MAFS complaint cleared by media watchdog

Married at First Sight has been cleared by the media watchdog following complaints about language, abuse, alcohol and classification.

Two episodes aired in February with an M classification in a 7:30pm slot, with complaints they were ‘abusive’ and included ‘coarse language’, ‘excessive alcohol drinking’, ‘adultery’, ‘deceit’ and ‘deception’. It included what appeared to be aggressive “F-bombs” which were bleeped.

One complaint centred around the argument between Ines and Bronson over a parasailing event on their TV honeymoon. One complainant said, “If that was a man yelling at a woman, he would be arrested or reprimanded.” Another said of the show, “The persons on the show are only interested in being famous and MAFS is just a smut show being aired at 7:30pm.”

Under the classification rules, coarse language is permitted but aggressive or strong coarse language should be infrequent overall.

In its response to the Australian Communications and Media Authority Nine submitted, “that due to the nature of the reality experiment format, circumstances of heightened emotion and conflict can arise between participants and given the unscripted nature of the program, some coarse language can result. However, not only is this language permitted by the Guidelines, but Nine also took steps to ensure that the impact of slightly stronger coarse language was appropriately moderated. For example, expletives of mild to moderate impact such as ‘bullshit’ and ‘shit’ were sparing throughout the program and were not beeped, whereas expletives of stronger impact such as ‘f***’ were entirely beeped to mollify their impact.”

Nine also said consumption of alcohol at dinner parties was incidental to and justified by the context in which it appears, if participants chose to imbibe. It denied its use was excessive.

“For example, no participant had slurred speech or was unable to balance such that they fell over. Accordingly, Nine submits that the [Complainant 2] Episode depicted adults legally consuming alcohol at a dinner party,” said Nine.

Another complaint deemed the show inappropriate for a 7pm Sunday timeslot in a PG timeslot, with 14 instances of mild coarse language, including terms such as ‘arse’, ‘shit’, ‘d***’, ‘d***head’, ‘pisses me off’, ‘pissed me off’ and ‘pussy’.

In a PG slot mild or socially offensive coarse language may be used infrequently, when justified by the story line or program context.

“Nine also ensured that expletives of stronger impact such as ‘f***’ were entirely beeped and blurred so as to negate their impact. Nine submits that these measures complied with the Guidelines as it ensured that higher impact coarse language was not broadcast during a PG programme,” said Nine.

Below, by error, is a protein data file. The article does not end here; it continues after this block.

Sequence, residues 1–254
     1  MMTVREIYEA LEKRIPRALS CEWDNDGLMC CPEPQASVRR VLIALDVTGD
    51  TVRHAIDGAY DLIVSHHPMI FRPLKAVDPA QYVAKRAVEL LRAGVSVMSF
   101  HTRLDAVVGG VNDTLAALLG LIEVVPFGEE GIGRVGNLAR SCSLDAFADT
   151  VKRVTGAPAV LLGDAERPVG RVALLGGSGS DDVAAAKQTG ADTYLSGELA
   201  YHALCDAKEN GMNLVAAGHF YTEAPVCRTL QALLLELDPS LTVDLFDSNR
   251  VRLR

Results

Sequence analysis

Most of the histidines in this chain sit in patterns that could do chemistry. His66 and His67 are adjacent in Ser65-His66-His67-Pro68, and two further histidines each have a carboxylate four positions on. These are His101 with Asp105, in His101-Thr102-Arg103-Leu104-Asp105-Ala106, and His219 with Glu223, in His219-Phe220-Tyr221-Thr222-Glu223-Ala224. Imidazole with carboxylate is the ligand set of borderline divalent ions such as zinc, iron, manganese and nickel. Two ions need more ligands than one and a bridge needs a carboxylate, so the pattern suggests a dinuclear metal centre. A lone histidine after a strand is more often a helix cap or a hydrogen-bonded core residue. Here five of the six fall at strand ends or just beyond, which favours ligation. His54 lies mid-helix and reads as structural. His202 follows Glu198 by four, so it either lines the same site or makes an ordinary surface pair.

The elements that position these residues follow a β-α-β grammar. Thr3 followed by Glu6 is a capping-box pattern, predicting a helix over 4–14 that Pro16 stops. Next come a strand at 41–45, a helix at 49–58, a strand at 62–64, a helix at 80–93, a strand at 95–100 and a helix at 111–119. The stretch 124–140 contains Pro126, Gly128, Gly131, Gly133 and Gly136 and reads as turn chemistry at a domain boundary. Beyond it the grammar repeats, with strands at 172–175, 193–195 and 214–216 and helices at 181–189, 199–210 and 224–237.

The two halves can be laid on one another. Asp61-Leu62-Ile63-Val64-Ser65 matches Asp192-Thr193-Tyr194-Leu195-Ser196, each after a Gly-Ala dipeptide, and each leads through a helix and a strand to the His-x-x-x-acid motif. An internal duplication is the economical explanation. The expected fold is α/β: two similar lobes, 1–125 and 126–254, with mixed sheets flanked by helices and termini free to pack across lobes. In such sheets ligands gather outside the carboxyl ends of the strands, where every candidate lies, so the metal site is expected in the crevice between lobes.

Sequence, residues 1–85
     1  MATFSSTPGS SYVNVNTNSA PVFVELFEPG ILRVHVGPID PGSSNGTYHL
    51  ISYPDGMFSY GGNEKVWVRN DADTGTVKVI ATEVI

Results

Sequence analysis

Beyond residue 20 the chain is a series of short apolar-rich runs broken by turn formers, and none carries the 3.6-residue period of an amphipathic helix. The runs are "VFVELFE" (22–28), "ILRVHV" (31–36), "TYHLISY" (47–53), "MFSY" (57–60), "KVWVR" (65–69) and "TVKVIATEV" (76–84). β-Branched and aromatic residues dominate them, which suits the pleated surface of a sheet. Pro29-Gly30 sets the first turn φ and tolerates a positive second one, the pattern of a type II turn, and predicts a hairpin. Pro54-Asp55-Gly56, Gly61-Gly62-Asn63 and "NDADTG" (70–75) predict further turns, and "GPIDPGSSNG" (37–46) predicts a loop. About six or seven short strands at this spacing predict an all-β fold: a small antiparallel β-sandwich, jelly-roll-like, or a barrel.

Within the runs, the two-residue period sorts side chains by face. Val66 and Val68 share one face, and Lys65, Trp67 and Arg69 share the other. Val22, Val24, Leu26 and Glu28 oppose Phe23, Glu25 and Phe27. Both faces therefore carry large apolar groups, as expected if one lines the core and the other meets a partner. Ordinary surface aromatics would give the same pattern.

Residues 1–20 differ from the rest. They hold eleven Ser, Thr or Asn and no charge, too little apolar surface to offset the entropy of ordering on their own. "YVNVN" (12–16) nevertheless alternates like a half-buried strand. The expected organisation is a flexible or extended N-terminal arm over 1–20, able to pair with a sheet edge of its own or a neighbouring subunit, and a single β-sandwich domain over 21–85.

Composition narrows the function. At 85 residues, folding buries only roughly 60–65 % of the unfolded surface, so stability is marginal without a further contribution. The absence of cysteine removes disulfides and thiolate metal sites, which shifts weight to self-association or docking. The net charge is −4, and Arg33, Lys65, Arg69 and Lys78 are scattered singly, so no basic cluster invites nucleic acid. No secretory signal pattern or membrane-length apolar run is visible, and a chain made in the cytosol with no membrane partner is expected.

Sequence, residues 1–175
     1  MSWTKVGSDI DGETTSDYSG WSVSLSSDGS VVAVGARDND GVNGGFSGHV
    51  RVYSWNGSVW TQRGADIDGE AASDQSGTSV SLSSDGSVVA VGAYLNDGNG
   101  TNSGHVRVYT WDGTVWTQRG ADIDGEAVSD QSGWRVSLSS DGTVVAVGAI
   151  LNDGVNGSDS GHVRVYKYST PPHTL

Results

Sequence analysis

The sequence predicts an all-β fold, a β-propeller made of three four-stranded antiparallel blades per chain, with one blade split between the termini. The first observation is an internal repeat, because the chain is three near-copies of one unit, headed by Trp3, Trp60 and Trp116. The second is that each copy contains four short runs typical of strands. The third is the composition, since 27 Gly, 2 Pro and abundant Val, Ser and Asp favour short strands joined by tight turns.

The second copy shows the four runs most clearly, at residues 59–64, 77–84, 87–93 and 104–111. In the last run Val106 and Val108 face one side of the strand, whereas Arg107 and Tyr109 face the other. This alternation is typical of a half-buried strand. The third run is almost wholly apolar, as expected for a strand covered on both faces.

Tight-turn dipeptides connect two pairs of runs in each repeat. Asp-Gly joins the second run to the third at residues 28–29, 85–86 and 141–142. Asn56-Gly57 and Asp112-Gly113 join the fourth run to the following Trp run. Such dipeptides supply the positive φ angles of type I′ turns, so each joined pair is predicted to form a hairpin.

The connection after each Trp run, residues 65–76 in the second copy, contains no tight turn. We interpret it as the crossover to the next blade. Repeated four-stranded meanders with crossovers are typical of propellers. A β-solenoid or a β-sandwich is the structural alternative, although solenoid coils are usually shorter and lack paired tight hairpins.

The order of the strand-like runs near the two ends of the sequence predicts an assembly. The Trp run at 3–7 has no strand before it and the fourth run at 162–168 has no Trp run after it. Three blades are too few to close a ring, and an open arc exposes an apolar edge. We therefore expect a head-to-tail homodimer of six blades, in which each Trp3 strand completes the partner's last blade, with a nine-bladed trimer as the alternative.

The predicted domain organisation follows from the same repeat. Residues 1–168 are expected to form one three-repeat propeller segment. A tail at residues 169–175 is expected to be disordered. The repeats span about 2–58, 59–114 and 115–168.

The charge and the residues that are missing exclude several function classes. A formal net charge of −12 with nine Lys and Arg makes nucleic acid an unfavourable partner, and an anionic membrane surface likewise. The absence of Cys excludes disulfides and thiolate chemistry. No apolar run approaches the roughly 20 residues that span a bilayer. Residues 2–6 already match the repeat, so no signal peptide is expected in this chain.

Nine also defended, “The Episode did not contain any visual depiction of sexual activity. The only references to sexual content contained in the Episode were by way of verbal references. Nine again notes that viewers were given ample warning of this content at the commencement of the Episode via the visual warning which advised that the program contained sexual references.”

Nine was cleared by the Australian Communications and Media Authority on all counts.


  1. Airing it at 7pm on a Sunday with a PG rating always felt like cheating to me. Conveniently changing the classification only on Sundays so they could air it in the earlier time slot. It’s very much an M-rated show, and not really suitable for children.

  2. “Shit” and “bullshit” have always been permitted at the PG category and are considered mild. The only time they would be considered moderate is if they are used in excess and/or very aggressively. The complainant sounds like the sort of person who gasps at *any* naughty word.

    “Arse/ass/bastard” have, historically, almost always been permitted at the G category, though I find it odd that a single use is enough to get something slapped with a PG nowadays (which I feel is far too high considering the frequency and strength of coarse language permitted at the PG category). “Arsehole”, however, usually warrants an automatic PG (and should).

    I think pre-programme classification warnings should return as opposed to the tiny blink-or-you’ll-miss-it on-screen warnings (that are barely legible on the SD channels) so that audiences are adequately informed of a programme’s content.

    • I see pre-programme classification warnings often on Foxtel and ABC, but not on the other free-to-air channels. Perhaps they should be made compulsory.

      • I see. My ABC viewing is completely via iView these days. I assume SBS airs warnings as well.

        I’m assuming that the networks have cut them in order to squeeze in more ads in their place. I found it troubling that just as FTA rules were loosened to allow PG content all day and M content from 7.30 onward that pre-programme classification warnings were eliminated by the commercial networks while I would argue that they are needed more than ever.

        Yes, most TVs have parental controls, but I don’t know anybody who uses them, and many family restaurants have TVs screening content after 7.30.

        • You are lucky to get a postcard sized classification icon in the corner of the screen for more than a couple of seconds on FTA. Anything to keep the audience from switching off between shows!

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